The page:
† For estimation of odds ratios and 95% confidence intervals (CI), patients with cervical cancer who were negative for HPV (n = 9) and control individuals who were negative for HPV (n = 1175) were used as reference categories.
Undetermined HPV types denote that HPV types were unclassified or not determined due to weak reactions. NA, not available; NL, nonual cytology.
The prevalence of multiple infections did not increase according to disease severity (prevalence ratio, 0.83), suggesting no association between multiple infections and disease progression.
We also calculated odds ratios to estimate type-specific risks of progression to CIN2–3 or ICC, although these analyses showed similar results (Table 1).
Estimating the impact of HPV16 and HPV18 vaccines in Japan. Clinical studies of HPV vaccines have demonstrated close to 100% protection against HPV16- and HPV18-related infection and diseases.(3–5) The prevalence of HPV16 and HPV18 was specifically analyzed to estimate the potential impact of current HPV vaccine against HPV16 and HPV18. When multiple infections were classified into each genotype, HPV16 and/or HPV18 were detected in 23.9% of CIN1, 36.2% of CIN2–3, and 67.1% of ICC. In women with CIN2–3 and ICC, the prevalence of HPV16 and HPV18 was highest among women aged 20–29 years, significantly decreasing with age thereafter (Table 2, χ2 test for trend, P < 0.05). In ICC cases, HPV16 and/or HPV18 were associated with 90.0% of women aged 20–29 years and 75.9% of women aged 30–39 years. Also, HPV16 and/or HPV18 contributed to 64.9% of infections detected in squamous cell carcinoma and 84.7% of infections in adenocarcinoma.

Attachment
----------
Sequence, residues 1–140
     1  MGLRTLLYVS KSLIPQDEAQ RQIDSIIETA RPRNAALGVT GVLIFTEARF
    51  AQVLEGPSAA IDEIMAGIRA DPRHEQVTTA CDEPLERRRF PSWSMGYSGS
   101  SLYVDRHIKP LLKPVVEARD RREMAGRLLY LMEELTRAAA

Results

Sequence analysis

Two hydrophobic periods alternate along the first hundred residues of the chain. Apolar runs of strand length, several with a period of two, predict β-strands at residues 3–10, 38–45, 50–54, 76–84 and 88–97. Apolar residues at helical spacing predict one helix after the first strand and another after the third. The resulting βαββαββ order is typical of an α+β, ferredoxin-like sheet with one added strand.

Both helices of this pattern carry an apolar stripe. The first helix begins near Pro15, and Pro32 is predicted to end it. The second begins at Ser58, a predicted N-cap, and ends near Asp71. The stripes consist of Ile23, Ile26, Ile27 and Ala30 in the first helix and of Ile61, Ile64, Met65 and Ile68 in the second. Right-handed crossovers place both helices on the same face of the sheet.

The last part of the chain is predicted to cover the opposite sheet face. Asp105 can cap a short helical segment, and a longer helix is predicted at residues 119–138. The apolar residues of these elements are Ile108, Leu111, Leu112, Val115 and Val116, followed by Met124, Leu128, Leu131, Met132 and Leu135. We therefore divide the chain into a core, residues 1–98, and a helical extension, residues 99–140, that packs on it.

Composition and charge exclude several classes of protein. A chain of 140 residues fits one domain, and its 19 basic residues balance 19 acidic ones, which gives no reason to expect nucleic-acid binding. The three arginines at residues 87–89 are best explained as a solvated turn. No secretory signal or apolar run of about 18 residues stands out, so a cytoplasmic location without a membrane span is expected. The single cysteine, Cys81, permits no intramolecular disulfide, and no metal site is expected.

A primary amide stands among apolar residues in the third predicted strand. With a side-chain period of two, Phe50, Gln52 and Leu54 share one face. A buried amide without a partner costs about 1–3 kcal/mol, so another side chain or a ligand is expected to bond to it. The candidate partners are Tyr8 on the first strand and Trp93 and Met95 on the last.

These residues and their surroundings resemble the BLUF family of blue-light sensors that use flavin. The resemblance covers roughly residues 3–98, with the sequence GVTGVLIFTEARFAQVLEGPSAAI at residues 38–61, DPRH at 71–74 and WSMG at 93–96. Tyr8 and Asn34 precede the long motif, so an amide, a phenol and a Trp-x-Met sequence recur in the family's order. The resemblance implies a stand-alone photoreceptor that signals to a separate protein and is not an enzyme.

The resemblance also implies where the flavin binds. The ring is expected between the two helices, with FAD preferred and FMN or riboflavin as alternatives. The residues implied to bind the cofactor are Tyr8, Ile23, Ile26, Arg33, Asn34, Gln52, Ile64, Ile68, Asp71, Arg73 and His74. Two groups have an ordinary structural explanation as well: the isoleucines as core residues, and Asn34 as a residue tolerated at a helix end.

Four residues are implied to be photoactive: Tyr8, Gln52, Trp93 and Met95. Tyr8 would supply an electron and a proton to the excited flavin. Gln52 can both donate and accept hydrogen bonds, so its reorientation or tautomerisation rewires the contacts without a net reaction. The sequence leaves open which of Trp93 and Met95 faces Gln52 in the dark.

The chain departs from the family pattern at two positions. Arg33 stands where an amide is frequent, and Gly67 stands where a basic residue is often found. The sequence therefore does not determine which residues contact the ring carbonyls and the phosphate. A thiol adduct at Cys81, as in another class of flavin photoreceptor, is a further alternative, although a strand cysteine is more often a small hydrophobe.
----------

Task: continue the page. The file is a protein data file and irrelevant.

Table 2. Age-related prevalence of human papillomavirus (HPV) 16 and HPV18 in women with cervical intraepithelial neoplasia (CIN) 2–3 and invasive cervical cancer (ICC)
(A) Women with CIN2–3
Detection of HPV16 and 18
20–29 (n = 78)
30–39 (n = 133)